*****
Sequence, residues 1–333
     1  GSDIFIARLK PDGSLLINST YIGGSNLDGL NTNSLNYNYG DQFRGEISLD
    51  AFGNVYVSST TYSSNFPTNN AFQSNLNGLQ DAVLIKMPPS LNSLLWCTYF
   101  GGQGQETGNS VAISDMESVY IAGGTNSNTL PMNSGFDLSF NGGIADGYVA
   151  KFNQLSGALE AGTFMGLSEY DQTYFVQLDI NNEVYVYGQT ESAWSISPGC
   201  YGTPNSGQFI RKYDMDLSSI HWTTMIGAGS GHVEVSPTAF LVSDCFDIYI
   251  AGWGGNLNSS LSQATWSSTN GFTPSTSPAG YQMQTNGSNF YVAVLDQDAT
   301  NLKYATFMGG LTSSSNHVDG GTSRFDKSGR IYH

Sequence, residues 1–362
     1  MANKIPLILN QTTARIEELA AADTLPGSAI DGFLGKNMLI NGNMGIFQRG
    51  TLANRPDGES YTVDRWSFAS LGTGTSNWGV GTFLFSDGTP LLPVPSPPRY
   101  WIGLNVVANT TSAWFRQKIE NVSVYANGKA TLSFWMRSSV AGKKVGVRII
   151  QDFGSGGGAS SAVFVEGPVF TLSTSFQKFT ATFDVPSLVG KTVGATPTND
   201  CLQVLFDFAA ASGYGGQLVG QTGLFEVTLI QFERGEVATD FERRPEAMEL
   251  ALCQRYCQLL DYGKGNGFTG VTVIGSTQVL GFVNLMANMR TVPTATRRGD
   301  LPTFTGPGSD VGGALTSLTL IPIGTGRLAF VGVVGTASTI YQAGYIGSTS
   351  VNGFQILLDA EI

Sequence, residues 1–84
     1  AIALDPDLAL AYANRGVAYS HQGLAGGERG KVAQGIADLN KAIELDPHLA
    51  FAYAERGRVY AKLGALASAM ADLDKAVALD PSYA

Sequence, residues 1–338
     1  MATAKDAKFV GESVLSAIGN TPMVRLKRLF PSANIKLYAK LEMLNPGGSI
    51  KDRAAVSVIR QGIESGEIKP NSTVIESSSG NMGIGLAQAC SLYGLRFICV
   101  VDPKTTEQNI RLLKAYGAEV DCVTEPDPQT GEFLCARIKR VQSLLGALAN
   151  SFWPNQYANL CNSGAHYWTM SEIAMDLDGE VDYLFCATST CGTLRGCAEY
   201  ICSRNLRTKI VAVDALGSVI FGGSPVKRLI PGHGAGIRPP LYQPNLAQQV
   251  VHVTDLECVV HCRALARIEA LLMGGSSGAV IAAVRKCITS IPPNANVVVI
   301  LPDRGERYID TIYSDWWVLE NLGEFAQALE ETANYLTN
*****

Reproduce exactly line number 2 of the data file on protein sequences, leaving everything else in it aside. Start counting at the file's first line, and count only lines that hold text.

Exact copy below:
     1  GSDIFIARLK PDGSLLINST YIGGSNLDGL NTNSLNYNYG DQFRGEISLD